gujrati thali

gujrati thali

The traditional Gujarati food is primarily vegetarian and has very high nutritional value. I’m sure almost all of us have eaten the lip smaking Gujarati thali sometime. And even if you haven’t been fond of eating salt and sweet together, this wonderfully blended combination in this cuisine would make you crave for it more. Gujarati cuisine has a tremendous variety to offer and what’s more appetizing is that each dish has an absolutely different style of cooking. Some are stir fried, while others boiled; all in all a perfect combination of taste and nutritional value. This food is generally served on a silver platter. This exotic cuisine is a combination of different spices and flavours and a thali would usually include rotli, dal or kadhi, sabzi also known as shaak and rice.

gujrati-food_

gujrati-food_


The best part of a Gujarati kitchen is its hygiene. Lot of emphasis is laid on maintaining hygiene while cooking both on a domestic level as well as on commercial platforms. Most Gujarati dishes are sweet, and may have a large concentration of sugar as compared to salt and spices. This food is highly energy efficient saving onto a big amount of natural resources. Homemade pickles, chhaas (buttermilk) and salad are staple while a main course would include steamed vegetables and dal.


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Achari-Murgh

achari murgh

Category : chicken

Here is a very unique achari murgh recipe. Achari means pickling. So this chicken masala has all the Punjabi pickle masalas. This jazz up the dish. Learn how to make achari murgh restaurant style. It is easy and simple. 

Ingredients:

 

1/2 Kg Chicken
2 small Onions grinded
2 tomatoes grinded
70 gms Ginger Garlic Paste
1/2 tblsp Red Chilly Powder
1 tsp Jeera Powder
2 tsp Coriander Powder
1 Cup Beaten Dahi (Yogurt)
2 Green Chilly Slit
2 Dry Red Chilly
1 tsp Kalonji (Nigella Seeds)
1 1/2 tsp Cumin Seeds (Jeera)
1 1/2 tsp Mustard Seeds (Rai)
1 1/2 tsp Fennel Seeds (Saunf)
1 tsp Fenugreek Seeds (Methi Dana)
4 tblsp Mustard Oil
Salt to Taste
Few Curry Leaves

 

How to make Achari Murgh :

 

  • Take a bowl and mix together curd, ginger garlic paste, red chilly powder, jeera powder, coriander powder, green chillies and salt. Mix well.
  • Then add chicken pieces. Mix well so that all the chicken pieces are well coated with the marinade. Cover and keep aside for 3 – 4 hours.
  • Later heat mustard oil in a kadai and add dry red chillies and then all the whole spices – Nigella Seeds, Cumin Seeds, Mustard Seeds, Fennel Seeds and Fenugreek Seeds.
  • When the seeds begin to sputter add the curry leaves and then add the onions. Saute till the onion paste becomes brown. Keep scraping it frequently.
  • Now add the tomato paste. Cook it till all the raw smell disappears. Now add the marinated chicken pieces.
  • On a high flame cook the chicken pieces till half done. Time may vary from 10 – 15 minutes. Keep stirring continuously so that all the chicken pieces get nicely cooked. The color will change to brown. Make sure the marinade does not get burnt.
  • When you get the desired brown color add water to get your desired consistency and cover it and cook on low flame.
  • Occassionally stir it and once the chicken is cooked well and the oil separates, dish it out and serve with preferred roti or naan.
  • Tip:To make it sourer you can add little tamarind pulp in the end too.

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rajasthani-thali-in-chennai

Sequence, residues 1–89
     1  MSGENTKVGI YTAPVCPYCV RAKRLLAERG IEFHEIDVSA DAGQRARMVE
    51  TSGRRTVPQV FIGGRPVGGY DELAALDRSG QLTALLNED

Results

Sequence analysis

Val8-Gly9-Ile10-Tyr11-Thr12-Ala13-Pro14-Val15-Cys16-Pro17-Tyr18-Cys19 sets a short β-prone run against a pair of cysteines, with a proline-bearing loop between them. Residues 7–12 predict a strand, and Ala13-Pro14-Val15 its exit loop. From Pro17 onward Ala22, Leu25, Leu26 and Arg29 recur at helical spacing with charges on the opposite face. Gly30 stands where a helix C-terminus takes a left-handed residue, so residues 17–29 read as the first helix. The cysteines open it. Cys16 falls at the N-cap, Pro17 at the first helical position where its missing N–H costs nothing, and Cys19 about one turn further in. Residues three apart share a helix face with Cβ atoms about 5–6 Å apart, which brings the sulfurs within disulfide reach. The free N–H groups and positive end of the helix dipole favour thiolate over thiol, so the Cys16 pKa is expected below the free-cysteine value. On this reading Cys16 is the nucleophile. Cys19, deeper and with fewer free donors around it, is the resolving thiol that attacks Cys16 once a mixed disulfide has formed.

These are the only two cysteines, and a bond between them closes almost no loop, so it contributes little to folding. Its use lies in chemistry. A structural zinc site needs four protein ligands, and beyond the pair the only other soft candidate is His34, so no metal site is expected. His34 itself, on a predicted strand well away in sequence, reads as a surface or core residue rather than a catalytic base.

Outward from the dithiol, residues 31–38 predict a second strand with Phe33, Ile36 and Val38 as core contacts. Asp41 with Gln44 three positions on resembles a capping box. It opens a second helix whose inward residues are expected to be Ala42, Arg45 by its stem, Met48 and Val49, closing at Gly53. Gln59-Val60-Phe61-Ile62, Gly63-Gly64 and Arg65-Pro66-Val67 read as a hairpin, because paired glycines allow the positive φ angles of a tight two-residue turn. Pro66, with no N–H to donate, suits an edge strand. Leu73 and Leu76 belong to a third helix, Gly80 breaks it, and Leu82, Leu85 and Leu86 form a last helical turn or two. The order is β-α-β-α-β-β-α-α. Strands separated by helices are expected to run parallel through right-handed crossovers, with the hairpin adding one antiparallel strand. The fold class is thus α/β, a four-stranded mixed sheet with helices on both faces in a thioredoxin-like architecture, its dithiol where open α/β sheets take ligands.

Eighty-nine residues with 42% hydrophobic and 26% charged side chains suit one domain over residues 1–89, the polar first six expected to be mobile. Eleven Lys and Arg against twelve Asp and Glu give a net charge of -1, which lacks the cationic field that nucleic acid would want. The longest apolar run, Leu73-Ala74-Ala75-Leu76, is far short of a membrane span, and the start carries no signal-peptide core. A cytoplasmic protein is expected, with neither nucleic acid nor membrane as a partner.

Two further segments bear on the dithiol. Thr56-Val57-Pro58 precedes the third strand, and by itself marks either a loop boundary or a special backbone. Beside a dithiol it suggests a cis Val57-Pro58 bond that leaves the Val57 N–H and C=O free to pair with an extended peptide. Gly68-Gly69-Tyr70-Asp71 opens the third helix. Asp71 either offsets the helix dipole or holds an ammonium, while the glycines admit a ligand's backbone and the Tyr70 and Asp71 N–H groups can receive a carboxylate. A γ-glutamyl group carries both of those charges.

rajasthani cuisine

Category : cusine

Rajasthani cuisine (Hindi: राजस्थानी खाना) was influenced by both the war-like lifestyles of its inhabitants and the availability of ingredients in this arid region. Food that could last for several days and could be eaten without heating was preferred. Scarcity of water and fresh green vegetables have all had their effect on the cooking. It is also known for its snacks like Bikaneri Bhujia, Mirchi Bada and Pyaaj Kachori. Other famous dishes include Bajre ki roti (millet bread) and Lashun ki chutney (hot garlic paste), Mawa Kachori from jodhpur, Alwar ka mawa, Malpauas from pushkar and Rassgollas from Bikaner, “paniya”and “gheriya” from Mewar. Originating for the Marwar region of the state is the concept Marwari Bhojnalaya, or vegetarian restaurants, today found in many part of India, which offer vegetarian food of the Marwari people.

Rajasthan is also influenced by the Rajputs who are predominantly non vegetarians. Their diet consisted of game meat and gave birth to dishes like laal maas, safed maas, khad khargosh and jungli maas.. The natives of the rajputi areas prefer to have a wide variety of chutneys made of turmeric, garlic, mint and corriander.
The culinary style of the region to a great extent shaped up according to the bellicose lifestyle of the natives. Unavailability of a variety of fresh vegetables, fruits and other ingredients and scarcity of water due to the arid nature of the region has profound effect on the cooking style of the locals, particularly those living in the desert pockets. Traditionally the locals preferred to prepare such items that could be retained for a few days and consumed without heating them. Paucity of water in the region has witnessed extensive use of dairy products by the inhabitants like milk, butter and butter milk so as to compensate or reduce the water content while cooking. Beans, dried lentils and legumes like gram flour, bajra and jowar form the main ingredients of many of the Rajasthani dishes. Ghee is liberally used in preparing different Rajasthani dishes which are rich in spice and flavour. Although predominantly a vegetarian region, the influence of the Rajputs who savoured non-vegetarian dishes including game meat saw the evolution of several luscious non-vegetarian dishes such as laal maas, jungle maas, khad khargosh and safed maas.